“I always make this case, which is if it was not for Microsoft’s openness, the web wouldn’t have happened. I was talking to [web creator Sir] Tim Berners-lee yesterday and I sort of said: ‘Think about the current ecosystems and how closed and how walled gardened and riddled with all kinds of ways they’ve rigged it, [compared] to where we were.’
“Every company will need to go through and ask itself: ‘Are you creating surplus around you or are you extracting surplus for yourself ’. When that equation gets unbalanced I think things just have to correct.”
When pressed on whether tech giants like Facebook and Google have too much power, Nadella insists it is not his job to remark on others. “The people whose job it is to think about who is creating what value, is there value creation or value extraction, is there something that is creating more competition or less competition, is I think the job of others to opine.”
Nadella recently described privacy as a “human right”, a well-timed remark as sweeping new privacy rules come into force in Europe. He describes the GDPR as “robust” and creating “the right value around how users should think”.
The current debate around privacy also gives him a chance to burnish Microsoft’s own privacy credentials. Unlike Google or Facebook, its services are paid for directly.
“Our business model is based on our customers being successful, and if they are successful they will pay us. So we are not one of these transaction drive nor ad-driven or marketplace driven economies.
“I don’t think I am necessarily saying one business model is better than the other but I do believe right now Microsoft is probably on the right side of history.”
Nadella says many smaller businesses are confused over whether large technology companies are out to help or destroy them. Millions of companies and start-ups, for example, rely on Amazon’s cloud computing arm, Web Services, but the wider company often represents an existential threat to many of them.
Although Nadella does not name Amazon, he indicates that the lack of such conflicts helps Microsoft.
“Customers are unclear [about] ‘oh this is somebody I can go to for cloud computing but they are also competing with me, they also have this other system which is essentially a taxation system on all transactions.’
“Those are all, I think, things that customers think about. In our case they don’t have to think about any of those because it’s pretty unambiguous what our business is and what our business model is.”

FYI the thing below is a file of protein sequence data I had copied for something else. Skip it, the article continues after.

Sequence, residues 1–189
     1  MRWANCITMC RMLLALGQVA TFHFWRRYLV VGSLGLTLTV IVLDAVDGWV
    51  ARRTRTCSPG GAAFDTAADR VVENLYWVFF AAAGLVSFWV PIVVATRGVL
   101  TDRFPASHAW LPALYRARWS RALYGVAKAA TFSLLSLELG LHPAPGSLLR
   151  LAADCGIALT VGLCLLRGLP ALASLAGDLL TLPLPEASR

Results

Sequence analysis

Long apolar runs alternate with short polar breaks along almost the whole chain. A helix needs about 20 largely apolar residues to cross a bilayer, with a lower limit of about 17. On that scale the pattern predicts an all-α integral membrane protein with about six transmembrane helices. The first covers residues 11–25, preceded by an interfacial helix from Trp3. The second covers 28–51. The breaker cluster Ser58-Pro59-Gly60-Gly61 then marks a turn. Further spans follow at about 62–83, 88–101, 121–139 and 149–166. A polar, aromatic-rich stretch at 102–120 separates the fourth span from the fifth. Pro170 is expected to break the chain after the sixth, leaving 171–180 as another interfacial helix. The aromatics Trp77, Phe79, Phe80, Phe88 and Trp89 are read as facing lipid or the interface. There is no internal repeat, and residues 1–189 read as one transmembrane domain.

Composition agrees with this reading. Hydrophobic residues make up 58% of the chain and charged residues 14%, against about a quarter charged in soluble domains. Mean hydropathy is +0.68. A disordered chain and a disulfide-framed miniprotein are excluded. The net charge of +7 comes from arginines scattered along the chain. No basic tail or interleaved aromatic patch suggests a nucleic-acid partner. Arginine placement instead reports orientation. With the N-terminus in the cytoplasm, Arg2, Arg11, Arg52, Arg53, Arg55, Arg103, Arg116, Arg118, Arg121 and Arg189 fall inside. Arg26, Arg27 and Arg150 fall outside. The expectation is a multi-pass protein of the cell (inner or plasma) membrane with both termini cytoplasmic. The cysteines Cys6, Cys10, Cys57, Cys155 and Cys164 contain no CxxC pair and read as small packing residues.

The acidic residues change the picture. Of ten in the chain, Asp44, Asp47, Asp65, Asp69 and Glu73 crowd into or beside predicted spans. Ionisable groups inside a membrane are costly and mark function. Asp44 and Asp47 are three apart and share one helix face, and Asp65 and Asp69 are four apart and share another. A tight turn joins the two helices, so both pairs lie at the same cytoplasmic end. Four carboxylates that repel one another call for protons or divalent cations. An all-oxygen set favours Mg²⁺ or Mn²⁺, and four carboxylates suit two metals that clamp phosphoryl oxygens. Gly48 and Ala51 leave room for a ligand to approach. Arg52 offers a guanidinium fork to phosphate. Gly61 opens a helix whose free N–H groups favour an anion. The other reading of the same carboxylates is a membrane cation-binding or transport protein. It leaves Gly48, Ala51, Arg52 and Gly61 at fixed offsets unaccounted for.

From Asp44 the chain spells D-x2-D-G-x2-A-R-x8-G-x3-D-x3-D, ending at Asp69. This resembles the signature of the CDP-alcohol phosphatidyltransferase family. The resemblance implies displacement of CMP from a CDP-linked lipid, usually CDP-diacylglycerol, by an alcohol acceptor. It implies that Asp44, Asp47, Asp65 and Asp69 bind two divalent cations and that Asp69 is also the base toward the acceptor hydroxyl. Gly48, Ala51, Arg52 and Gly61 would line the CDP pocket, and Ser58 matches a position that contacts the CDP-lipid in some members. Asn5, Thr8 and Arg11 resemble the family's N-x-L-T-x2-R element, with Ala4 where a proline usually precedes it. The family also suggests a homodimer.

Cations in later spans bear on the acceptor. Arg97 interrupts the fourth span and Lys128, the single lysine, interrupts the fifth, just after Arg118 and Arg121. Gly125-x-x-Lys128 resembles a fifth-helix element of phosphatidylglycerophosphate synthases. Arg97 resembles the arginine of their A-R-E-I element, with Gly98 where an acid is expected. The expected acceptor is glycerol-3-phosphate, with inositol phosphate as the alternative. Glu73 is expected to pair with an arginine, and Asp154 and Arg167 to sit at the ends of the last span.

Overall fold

Despite this, Microsoft is not typically in the business of starting fights these days. Executives have appeared on stage at Apple events, and Amazon itself was invited to demonstrate a tie-up between its voice assistant Alexa and Microsoft’s counterpart, Cortana, at a recent Microsoft conference. Nadella has bigger things on his mind after all. He is optimistic about the potential of technology – of imbuing everything from medicine to factories with internet connections and artificial intelligence (AI). While his childhood in India was relatively comfortable, it has given him a world-view distinct from many technology executives who grew up on a US coast.
His first child, Zain, a son, was born with severe disabilities and one of his daughters has learning disabilities that meant Nadella and his wife Anu spent many hours of her childhood driving from Seattle to a school in Vancouver.
Nadella is broadly optimistic that AI will solve more problems than it causes, but says it is imperative that the technology is applied ethically. “What I think needs to be done in 2018 is more dialogue around the ethics, the principles that we can use for the engineers and companies that are building AI, so that the choices we make don’t cause us to create systems with bias … that’s the tangible thing we should be working on.”
He is also confident that human jobs will survive the robot revolution. “I don’t believe in that lump of labour fallacy, we don’t know all the jobs that are going to be there.” If robots do replace humans, he says mechanisms such as universal basic income may be needed, drawing comparisons with the labour movement, but that humans will always need jobs. “There is a certain amount of dignity to what is work so we need to have an incentive system.”
In comparison, Brexit seems to concern him little. Microsoft warned before the referendum that a Leave vote could affect investment, but when the robot revolution comes, it will care little for such matters.
“The United Kingdom has great human capital, great industry, a great system,” Nadella says. “I think in the future it’ll continue to thrive, even if I think there are going to be some turns.”
‘We wouldn’t claim we’ve reached any destination. We have to continually renew and change’
‘We had a successful business, we had successful products, but that doesn’t make you a perpetual great’
Satya Nadella, chief executive of Microsoft, during a brief visit to London. Under his stewardship the company’s share price has increased by 170pc